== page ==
Supplemental Educational Services Provider Self-Evaluation Survey Results 2004-2005 Project Period

Supplemental Educational Services (SES) providers were surveyed about the services they provided during the 2004-05 project period which began September 1, 2004 and ended August 31, 2005.  Of the 108 agencies approved as providers in 2004-2005 when this survey was disseminated, 97 responded to the SES provider survey.  However, only 62 (57 percent) implemented an SES program during the 2004-05 project period.    The results provide a picture of how SES was implemented to students in New Jersey. 

Program Information

Ninety-seven providers responded to this portion of the survey.  The most challenging issues for the providers during the 2004-05 school year were maintaining the attendance of the students, signing up students for the program and low parent turnout for the provider fairs.  The attendance issues may be related to whether the program is located on the school site or off premises where parents are responsible for delivering and picking up the students.  Other challenges presented for the providers were communicating with or contacting parents, resolving problems with the district including cash-flow concerns, retaining tutors and staff and communicating with district staff, respectively.  It is not clear whether the communication issue with parents was related to getting parents to respond before or after their child was in the program.  However, some variation of communicating with parents was listed several times as a challenge.

Despite the difficulties that the providers encountered, there were only two providers (two percent) that self-reported they received complaints.  These complaints appeared to be issues of communication rather than service or program issues. 

Data for Districts Served

There were 62 providers that responded to this portion of the survey.  These providers served 541 schools in 83 school districts.  16,400 students were enrolled in the program, but only 10,482 or 64 percent were reported as completing the program.  Of the 16,400 students enrolled in the program, 10,600 attended 80 percent or more of the sessions.  Of the total number of students enrolled in the SES services, 1721 or 10 percent were reported to be English Language Learners, 687 or four percent were students with disabilities.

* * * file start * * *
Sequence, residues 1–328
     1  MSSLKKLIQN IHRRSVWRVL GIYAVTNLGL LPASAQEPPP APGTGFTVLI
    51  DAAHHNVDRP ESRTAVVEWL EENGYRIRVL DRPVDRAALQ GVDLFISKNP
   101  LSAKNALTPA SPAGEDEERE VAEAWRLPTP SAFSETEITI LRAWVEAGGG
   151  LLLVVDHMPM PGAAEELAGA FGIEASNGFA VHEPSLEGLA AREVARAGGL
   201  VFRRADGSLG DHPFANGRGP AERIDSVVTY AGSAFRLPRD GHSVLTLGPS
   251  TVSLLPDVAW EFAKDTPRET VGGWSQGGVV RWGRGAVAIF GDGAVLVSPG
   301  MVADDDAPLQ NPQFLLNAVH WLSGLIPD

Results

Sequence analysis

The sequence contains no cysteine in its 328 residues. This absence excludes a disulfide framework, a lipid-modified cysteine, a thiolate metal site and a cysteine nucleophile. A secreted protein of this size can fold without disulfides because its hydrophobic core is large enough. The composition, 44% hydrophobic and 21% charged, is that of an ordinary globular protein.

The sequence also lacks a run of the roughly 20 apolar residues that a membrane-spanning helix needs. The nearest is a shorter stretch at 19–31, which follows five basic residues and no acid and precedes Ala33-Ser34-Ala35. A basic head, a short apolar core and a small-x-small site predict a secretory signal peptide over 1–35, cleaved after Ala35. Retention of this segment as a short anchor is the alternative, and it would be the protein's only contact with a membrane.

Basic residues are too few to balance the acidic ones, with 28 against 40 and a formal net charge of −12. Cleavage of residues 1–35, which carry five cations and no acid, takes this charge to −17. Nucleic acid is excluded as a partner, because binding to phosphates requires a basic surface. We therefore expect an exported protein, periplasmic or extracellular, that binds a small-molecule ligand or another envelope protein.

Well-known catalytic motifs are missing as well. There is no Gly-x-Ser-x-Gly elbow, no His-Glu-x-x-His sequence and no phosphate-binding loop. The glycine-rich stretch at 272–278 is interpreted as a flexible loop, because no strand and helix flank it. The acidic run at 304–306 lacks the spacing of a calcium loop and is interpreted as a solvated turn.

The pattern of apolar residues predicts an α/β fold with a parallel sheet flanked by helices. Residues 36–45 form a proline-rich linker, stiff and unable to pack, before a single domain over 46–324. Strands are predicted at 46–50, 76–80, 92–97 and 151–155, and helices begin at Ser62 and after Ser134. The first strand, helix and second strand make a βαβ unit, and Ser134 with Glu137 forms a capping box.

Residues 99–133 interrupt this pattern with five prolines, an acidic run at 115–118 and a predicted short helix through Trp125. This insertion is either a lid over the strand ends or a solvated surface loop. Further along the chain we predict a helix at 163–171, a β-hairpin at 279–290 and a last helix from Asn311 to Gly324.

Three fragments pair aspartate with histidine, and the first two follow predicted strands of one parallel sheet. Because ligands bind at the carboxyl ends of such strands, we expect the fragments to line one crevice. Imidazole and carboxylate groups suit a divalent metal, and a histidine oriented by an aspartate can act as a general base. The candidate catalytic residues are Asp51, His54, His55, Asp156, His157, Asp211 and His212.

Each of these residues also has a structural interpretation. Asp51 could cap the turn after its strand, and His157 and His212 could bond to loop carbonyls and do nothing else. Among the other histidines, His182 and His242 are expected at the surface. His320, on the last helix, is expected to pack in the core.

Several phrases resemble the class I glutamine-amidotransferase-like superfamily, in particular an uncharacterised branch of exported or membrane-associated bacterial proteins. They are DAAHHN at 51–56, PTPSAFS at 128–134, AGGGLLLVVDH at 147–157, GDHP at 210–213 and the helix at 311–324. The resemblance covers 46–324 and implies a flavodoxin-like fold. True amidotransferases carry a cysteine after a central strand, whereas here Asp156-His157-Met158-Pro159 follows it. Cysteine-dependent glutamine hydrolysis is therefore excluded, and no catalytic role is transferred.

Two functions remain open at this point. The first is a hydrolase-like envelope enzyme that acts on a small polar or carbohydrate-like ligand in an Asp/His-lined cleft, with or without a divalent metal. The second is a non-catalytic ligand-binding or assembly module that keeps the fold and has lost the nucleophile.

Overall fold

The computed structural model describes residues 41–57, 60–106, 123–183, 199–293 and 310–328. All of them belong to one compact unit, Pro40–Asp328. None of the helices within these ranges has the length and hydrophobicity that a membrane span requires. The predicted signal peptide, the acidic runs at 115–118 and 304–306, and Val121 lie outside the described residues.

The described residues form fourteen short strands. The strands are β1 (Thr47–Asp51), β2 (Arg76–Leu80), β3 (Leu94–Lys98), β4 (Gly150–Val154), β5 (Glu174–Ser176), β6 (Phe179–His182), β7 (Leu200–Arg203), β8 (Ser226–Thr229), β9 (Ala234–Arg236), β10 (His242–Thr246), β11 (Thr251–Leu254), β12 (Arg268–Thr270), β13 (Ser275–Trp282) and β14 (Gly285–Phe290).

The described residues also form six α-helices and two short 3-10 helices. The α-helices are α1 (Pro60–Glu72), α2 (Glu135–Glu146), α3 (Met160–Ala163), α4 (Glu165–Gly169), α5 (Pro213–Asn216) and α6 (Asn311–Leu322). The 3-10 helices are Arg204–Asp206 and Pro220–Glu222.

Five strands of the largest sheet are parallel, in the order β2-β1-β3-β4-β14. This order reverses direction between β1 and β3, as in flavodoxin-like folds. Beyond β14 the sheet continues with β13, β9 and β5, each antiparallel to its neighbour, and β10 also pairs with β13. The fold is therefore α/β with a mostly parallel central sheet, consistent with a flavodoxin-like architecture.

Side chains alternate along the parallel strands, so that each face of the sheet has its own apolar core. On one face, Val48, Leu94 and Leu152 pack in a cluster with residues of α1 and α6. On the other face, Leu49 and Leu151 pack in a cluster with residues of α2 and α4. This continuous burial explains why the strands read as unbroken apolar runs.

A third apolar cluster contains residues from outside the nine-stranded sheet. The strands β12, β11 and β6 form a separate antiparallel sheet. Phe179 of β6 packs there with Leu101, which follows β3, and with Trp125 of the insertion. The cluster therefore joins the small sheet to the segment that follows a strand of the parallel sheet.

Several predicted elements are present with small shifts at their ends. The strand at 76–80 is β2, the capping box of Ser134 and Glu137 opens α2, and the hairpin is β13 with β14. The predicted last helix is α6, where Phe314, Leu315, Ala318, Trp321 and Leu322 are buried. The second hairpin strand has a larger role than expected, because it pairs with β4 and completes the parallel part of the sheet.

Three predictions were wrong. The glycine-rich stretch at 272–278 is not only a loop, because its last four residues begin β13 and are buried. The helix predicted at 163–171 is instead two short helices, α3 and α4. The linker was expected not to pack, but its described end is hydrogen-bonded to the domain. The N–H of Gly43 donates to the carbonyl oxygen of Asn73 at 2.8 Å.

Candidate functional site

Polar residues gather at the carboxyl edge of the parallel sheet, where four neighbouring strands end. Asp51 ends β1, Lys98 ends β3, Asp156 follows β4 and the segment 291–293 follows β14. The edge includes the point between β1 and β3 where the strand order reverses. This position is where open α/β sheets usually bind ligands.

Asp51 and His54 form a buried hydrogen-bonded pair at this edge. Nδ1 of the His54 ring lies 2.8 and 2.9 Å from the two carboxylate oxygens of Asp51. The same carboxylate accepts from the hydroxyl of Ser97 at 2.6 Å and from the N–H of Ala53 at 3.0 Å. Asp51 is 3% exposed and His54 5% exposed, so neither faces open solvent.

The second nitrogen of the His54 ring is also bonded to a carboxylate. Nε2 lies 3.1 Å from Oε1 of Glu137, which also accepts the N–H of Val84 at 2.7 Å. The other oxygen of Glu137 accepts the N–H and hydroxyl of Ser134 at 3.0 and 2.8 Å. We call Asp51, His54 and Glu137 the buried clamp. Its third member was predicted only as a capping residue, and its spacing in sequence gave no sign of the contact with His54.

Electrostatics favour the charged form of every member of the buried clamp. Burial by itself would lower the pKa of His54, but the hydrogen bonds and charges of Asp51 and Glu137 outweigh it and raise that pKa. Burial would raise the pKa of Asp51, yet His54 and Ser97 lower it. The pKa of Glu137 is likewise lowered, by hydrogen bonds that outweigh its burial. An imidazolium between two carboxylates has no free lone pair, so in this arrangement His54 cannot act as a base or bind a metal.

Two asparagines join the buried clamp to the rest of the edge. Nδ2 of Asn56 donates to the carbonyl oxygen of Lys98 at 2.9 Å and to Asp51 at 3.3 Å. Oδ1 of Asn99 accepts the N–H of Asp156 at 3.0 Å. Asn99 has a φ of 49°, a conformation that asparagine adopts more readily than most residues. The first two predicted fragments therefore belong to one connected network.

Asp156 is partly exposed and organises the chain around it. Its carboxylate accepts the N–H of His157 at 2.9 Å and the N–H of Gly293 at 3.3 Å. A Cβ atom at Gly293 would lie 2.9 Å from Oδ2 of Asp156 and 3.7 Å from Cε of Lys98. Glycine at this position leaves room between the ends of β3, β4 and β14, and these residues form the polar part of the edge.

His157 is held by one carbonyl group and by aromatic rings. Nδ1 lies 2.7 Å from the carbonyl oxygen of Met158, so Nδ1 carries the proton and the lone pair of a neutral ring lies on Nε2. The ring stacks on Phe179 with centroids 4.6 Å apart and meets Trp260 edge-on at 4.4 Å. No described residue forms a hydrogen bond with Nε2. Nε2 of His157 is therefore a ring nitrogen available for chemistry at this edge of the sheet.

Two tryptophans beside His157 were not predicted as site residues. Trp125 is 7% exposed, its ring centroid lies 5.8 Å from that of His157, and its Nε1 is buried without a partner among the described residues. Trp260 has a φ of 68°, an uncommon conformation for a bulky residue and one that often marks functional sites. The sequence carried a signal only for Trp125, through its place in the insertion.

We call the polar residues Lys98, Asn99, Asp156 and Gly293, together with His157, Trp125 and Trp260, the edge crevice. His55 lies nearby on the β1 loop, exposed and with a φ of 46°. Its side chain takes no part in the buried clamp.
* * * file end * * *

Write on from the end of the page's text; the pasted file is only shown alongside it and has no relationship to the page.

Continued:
The total number of staff that provided SES services to students during the 2004-05 school year was 2451.  2538 instructional staff received SES training. The additional staff receiving training may reflect providers that trained teachers who did not eventually provide SES.  The duplicated count of staff receiving professional development was 3888 by 59 providers.  Of the 152 topics addressed in these professional development sessions, the primary topics covered in the professional development sessions were (see Attachment 1):  the provider’s program, assessment, behavior management, instructional techniques, curriculum overview, communicating with parents, English language learners, and SES overview.

There were 27 to 30 students per school that participated in the SES program.  The teacher/student ratio ranged from seven to eight students per instructor.  The average number of tutoring sessions for a student was 29 for approximately 84 minutes per session. 

The progress or success of the SES provider was likely to be measured by the state assessments with the exception of the HSPA which was rarely used as a measure.   The respondents indicated that they primarily used, in order of frequency: other measures; provider-developed assessments (see Attachment 2); and the Terra Nova.  The providers determined that of those students that completed the program, 9224 students (88 percent) demonstrated academic progress in reading/language arts literacy, and 7273 students (79 percent) demonstrated academic progress in math based upon the above referenced measures.

Below are the statistics of the survey.